Browning bottom leaves on the dieffenbachia is normal for the plant; Snip them off to keep the plant tidy. If other leaves appear bleached, with a webby substance on the underside, check and treat the plant for spider mites with insecticidal soap spray or neem oil.

 

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20% OFF
Dieffenbachia Plants
 

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Houseplant of the Week - 1/29/19

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Tillandsia (Air Plants)

       Tillandsia plants are epiphytes and need no soil because water and nutrients are absorbed through the leaves. The roots are used as anchors only. They are sensitive to frost and are used as an indoor plant in our area. Reproduction is by seeds or by offsets called "pups". A single plant could have up to a dozen pups. Tillandsias love bright, indirect sunlight. Some Tillandsia will bloom on a regular basis. In addition, it is quite common for some species to take on a different leaf color (usually changing from green to red) when about to flower. This is an indication that the plant is monocarpic (flowers once before dying) but offsets around the flowering plant will continue to thrive.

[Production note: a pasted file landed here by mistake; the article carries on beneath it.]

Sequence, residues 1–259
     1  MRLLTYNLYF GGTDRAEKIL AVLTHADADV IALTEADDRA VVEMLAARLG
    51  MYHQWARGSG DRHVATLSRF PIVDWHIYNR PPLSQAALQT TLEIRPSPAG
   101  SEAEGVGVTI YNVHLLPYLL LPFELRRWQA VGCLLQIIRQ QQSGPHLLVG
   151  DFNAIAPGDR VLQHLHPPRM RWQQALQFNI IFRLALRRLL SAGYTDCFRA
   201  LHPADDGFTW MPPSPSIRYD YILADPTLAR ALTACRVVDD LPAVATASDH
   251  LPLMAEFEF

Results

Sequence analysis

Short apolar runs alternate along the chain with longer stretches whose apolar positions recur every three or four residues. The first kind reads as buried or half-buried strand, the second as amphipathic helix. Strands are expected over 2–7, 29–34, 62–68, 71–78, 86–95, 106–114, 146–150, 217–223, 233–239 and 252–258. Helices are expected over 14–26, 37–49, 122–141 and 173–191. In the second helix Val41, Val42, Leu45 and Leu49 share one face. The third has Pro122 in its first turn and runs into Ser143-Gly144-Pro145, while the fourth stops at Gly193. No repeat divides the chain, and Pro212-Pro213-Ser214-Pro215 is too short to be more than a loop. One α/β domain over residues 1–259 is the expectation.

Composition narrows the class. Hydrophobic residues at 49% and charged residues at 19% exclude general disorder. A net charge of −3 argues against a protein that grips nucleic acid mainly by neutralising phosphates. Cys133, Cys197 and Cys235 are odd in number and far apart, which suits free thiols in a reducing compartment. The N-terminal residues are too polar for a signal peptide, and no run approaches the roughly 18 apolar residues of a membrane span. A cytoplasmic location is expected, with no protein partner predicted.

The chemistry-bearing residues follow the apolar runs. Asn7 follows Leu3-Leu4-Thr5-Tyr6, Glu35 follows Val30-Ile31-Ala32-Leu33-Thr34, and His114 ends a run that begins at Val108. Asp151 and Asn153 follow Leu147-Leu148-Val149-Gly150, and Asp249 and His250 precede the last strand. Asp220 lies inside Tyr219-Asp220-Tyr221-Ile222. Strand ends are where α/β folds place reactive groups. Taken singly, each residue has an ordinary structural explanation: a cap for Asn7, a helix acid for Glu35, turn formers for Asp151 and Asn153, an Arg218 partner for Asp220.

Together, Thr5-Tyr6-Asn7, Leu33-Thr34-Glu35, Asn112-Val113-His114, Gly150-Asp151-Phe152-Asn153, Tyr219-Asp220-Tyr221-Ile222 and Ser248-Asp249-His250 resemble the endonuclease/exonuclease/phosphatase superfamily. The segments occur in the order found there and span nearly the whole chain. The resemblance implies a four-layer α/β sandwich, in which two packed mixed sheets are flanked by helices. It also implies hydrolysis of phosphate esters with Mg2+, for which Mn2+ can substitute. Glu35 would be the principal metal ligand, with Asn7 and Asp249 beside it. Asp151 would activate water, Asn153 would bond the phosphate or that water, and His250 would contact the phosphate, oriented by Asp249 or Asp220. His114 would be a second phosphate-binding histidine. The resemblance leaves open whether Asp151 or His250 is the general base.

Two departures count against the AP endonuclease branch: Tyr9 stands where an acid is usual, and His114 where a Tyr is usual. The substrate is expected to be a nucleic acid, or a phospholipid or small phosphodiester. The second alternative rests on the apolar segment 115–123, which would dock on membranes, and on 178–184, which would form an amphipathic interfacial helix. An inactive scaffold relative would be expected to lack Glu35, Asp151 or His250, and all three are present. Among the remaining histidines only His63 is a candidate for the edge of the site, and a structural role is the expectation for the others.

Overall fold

If the air is dry where you are growing Tillandsia, you will need (at minimum) to submerge the plant in water for 2-3 hours about every two weeks. Otherwise, you can use a soaking mist once or twice a week (more often in a hot, dry environment; less often in a cool, humid one). In conditions of extreme drying, and consequent moisture loss, Tillandsia cannot get replacement water from their roots like a terrestrial plant, or draw on internal reserves like a succulent. Do not water with distilled or softened water because of the salt content. Filtered water, tap water that has sat long enough for the chlorine to dissipate, or bottled water is fine. Pond water, aquarium, or rainwater is preferred if possible.